Disease-causing microorganisms that infect humans are more common in landscapes intensively used by people, such as cities and agricultural land, they found. 

Animals known to carry pathogens – zoonotic hosts – were more common in human-dominated landscapes, when compared to undisturbed, wilder habitats. 

Species that host zoonotic pathogens constituted a higher proportion of the animal species found in human-influenced environments, compared with the ecological communities in more wild habitats. 

Mammal species that harbour more pathogens overall – either human-shared or non-human-shared – are also more likely to occur in human-managed ecosystems. 

Animals that did not carry zoonotic pathogens declined with human land use, while species with disease-causing micro-organisms increased. 

This effect was found to be strongest for rodents, bats and perching birds, known as passerines. 

Coronavirus particles under transmission electron microscopy.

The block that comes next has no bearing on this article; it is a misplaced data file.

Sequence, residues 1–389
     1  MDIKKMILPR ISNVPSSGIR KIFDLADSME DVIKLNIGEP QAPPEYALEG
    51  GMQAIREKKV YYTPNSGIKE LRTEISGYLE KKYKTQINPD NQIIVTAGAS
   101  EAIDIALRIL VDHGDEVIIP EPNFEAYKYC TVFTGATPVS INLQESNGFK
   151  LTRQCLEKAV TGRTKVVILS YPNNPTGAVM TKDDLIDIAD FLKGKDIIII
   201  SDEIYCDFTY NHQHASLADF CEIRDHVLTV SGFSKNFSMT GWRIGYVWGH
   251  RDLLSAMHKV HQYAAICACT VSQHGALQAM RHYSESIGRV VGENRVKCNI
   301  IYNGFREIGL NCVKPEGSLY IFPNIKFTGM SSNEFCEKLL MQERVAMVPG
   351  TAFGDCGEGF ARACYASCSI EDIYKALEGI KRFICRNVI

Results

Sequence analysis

Humans may need to alter how land is used to reduce the risk of future spillovers of pathogens that originate in animals. 

‘Global land use change is primarily characterised by the conversion of natural landscapes for agriculture, particularly for food production,’ said study author Professor Kate Jones at UCL. 

‘Our findings underscore the need to manage agricultural landscapes to protect the health of local people while also ensuring their food security.

‘As agricultural and urban lands are predicted to continue expanding in the coming decades, we should be strengthening disease surveillance and healthcare provision in those areas that are undergoing a lot of land disturbance, as they are increasingly likely to have animals that could be hosting harmful pathogens.’

The study has been published in Nature. 

Since the emergence of SARS-CoV-2 in Wuhan, China late last year there’s been some uncertainty surrounding the virus’s origin.